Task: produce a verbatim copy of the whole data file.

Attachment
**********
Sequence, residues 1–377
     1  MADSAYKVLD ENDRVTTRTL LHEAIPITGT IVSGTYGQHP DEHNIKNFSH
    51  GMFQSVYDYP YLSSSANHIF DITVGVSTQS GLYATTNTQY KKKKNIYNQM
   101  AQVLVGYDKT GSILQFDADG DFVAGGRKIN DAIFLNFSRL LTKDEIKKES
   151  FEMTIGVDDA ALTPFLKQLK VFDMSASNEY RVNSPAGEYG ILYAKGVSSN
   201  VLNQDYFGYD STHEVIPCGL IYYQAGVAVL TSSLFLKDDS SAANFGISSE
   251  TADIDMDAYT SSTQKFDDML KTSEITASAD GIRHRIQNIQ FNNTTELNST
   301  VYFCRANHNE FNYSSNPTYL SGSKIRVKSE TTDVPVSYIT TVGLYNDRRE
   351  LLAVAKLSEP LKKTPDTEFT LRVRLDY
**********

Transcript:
Sequence, residues 1–377
     1  MADSAYKVLD ENDRVTTRTL LHEAIPITGT IVSGTYGQHP DEHNIKNFSH
    51  GMFQSVYDYP YLSSSANHIF DITVGVSTQS GLYATTNTQY KKKKNIYNQM
   101  AQVLVGYDKT GSILQFDADG DFVAGGRKIN DAIFLNFSRL LTKDEIKKES
   151  FEMTIGVDDA ALTPFLKQLK VFDMSASNEY RVNSPAGEYG ILYAKGVSSN
   201  VLNQDYFGYD STHEVIPCGL IYYQAGVAVL TSSLFLKDDS SAANFGISSE
   251  TADIDMDAYT SSTQKFDDML KTSEITASAD GIRHRIQNIQ FNNTTELNST
   301  VYFCRANHNE FNYSSNPTYL SGSKIRVKSE TTDVPVSYIT TVGLYNDRRE
   351  LLAVAKLSEP LKKTPDTEFT LRVRLDY